Barbette vs. Ngon in a battle for the best moules-frites
Moules-frites, or mussels and French fries, is a classic combination in the French-speaking world, what you might call their version of fish and chips. Instead of beer batter, wine sauce, and mollusks in the place of fish. We tested the moules-frites at a few French (influenced) restaurants, Barbette in Minneapolis and Ngon in St. Paul. Read on to find out who offered the tastiest combination (Belgian beer not included).
A.J. Olmscheid Fish(y) and chips at Barbette
Ngon's mixture of French and Vietnamese cuisine produces a mussels dish far more firey than the dainty dish you'd expect mainland Europeans to consume as a pub snack. They charge $12, before tax, for their moules-frites.
Ngon uses New Zealand green-lipped mussels. These mussels, according to Coastal Seafood General Manager Tim Lauer, are popular because of their large size and are usually shipped frozen on the half-shell. There were pluses and minuses to these mussels. Their size meant that a serving of a dozen was enough to stuff one diner, a plus; but these mussels are also not for the seafood-squeamish. Meatier and brinier than other types of mussels, one of them even still had its beard, a tangled mass of fibers mussels produce to anchor themselves. It was an unpleasant surprise to bite into. When we asked the server about it, he nonchalantly said they find beards in one out of every 10-20 of their mussels. It's an experience that might be too visceral for some. Also, the red wine-curry broth will be a pleasure for spice lovers, but overwhelming for mild palates.
Ngon pairs its firey mussels with sweet potato fries, a nice variation on the ordinary French fry.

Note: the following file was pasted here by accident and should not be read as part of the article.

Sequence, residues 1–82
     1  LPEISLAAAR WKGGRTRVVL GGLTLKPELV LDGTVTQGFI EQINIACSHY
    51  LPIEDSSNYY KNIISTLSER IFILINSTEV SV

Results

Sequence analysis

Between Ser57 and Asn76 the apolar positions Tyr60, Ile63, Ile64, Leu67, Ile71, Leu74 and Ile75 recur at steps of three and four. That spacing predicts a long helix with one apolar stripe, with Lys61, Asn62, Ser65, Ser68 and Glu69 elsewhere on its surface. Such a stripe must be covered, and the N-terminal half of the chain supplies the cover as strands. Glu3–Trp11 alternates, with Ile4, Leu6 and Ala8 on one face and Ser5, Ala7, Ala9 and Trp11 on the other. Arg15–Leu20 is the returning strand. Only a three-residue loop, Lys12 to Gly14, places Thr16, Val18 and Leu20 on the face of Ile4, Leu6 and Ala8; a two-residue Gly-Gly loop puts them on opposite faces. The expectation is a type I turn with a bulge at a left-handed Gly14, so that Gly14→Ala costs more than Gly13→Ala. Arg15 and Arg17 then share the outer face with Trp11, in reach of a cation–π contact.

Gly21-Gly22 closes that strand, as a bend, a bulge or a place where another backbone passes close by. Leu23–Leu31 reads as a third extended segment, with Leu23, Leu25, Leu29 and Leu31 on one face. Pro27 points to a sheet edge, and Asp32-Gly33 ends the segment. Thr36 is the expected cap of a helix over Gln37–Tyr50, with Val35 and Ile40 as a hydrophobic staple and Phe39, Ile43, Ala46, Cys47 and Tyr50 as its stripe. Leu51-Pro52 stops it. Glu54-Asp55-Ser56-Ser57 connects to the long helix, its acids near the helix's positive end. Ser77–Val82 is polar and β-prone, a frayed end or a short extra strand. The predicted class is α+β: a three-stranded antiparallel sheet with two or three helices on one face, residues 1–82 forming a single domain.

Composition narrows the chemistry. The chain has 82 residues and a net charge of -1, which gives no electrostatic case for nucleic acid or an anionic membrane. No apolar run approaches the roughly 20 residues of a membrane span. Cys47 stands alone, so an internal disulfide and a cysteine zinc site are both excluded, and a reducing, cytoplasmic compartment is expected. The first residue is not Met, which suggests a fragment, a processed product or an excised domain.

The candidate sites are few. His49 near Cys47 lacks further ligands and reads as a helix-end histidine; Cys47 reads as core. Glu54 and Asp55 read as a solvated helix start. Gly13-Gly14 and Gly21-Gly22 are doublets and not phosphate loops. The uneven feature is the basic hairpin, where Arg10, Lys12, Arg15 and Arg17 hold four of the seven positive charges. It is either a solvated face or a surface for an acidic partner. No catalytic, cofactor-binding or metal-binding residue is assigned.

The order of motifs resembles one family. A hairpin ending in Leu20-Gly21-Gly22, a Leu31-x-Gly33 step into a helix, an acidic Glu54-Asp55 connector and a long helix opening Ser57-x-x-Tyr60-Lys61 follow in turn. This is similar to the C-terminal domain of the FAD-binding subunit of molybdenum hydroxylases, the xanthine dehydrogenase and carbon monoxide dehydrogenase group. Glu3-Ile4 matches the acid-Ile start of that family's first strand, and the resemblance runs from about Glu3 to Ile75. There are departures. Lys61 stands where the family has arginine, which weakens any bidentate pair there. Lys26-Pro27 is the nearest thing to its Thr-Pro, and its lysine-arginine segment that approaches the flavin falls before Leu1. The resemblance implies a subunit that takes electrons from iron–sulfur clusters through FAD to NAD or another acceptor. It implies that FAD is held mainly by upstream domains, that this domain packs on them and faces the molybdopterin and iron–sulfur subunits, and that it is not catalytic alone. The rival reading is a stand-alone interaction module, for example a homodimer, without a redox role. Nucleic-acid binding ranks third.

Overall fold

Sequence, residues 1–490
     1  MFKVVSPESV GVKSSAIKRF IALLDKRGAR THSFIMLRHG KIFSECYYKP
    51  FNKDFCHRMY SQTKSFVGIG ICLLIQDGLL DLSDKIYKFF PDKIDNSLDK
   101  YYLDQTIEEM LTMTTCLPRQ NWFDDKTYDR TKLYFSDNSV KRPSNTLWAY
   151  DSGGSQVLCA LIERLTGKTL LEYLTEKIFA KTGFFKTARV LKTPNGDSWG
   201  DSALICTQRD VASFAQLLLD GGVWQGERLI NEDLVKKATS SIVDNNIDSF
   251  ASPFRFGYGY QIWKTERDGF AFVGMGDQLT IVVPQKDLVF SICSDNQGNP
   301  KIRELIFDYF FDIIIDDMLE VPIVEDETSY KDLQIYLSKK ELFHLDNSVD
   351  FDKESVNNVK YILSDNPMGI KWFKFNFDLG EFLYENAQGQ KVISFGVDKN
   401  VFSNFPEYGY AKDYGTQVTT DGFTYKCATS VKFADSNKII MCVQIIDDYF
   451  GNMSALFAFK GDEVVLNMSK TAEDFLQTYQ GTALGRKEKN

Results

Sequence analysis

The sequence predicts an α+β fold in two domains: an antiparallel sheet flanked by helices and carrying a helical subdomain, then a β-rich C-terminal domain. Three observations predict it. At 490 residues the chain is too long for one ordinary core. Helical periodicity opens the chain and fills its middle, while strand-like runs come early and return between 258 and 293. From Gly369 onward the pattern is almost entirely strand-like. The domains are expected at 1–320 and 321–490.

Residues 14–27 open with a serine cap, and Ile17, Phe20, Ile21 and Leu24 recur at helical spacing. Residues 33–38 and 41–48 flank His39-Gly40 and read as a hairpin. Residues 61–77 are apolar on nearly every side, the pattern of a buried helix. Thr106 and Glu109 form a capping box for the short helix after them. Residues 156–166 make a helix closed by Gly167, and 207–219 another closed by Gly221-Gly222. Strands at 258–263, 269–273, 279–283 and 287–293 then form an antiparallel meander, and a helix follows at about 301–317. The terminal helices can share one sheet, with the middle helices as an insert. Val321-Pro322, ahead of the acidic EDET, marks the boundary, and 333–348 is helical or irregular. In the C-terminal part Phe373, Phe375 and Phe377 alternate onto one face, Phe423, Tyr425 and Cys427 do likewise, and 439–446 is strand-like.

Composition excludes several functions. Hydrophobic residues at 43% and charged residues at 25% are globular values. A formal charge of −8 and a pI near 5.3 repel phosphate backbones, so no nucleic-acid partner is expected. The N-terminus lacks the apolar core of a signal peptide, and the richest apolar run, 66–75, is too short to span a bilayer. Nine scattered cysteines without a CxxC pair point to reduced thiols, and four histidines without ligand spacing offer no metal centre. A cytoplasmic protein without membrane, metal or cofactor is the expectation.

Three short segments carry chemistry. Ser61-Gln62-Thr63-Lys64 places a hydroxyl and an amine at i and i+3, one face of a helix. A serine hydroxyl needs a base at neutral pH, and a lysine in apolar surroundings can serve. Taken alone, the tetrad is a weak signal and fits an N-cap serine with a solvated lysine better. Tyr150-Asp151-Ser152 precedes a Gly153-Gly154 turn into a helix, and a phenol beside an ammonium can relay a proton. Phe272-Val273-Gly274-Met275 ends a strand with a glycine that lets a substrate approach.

Barbette serves up mussels two ways: with a green curry or with a white wine, lemon and garlic broth. You can get a half pound for $5, tax not included, during Barbette's mid-afternoon and late-night happy hours, plus a plate of french fries for another $5.
Barbette's mussels were more miniscule than Ngon's New Zealand mussels, and since they're served in their full shell, it's a sign they're fresh and prepared in-house. The green curry, promised to be spicy, was mild and coconut-flavored, letting the briny flavor of the mussels come through. The white wine preparation, on the other hand, had enough garlic to clear the sinuses and distract from any briny flavor from the mussels.
Barbette's fries, er, frites, are something of a city staple, much discussed on foodie forums. They're straightforward fries: slender and salted, served with a saffron aioli. The heaping plateful you'll get for $5 dwarfs a single serving of mussels, though, so you might want to splurge and get a double order of mussels.
The winner: We liked Barbette's moules-frites, especially with the white wine--garlic sauce. Go during happy hour and get a single serving of mussels with Barbette's signature fries, and it's a steal at $10.
Ngon's moules-frites are better for those who already love seafood and have a high spice tolerance.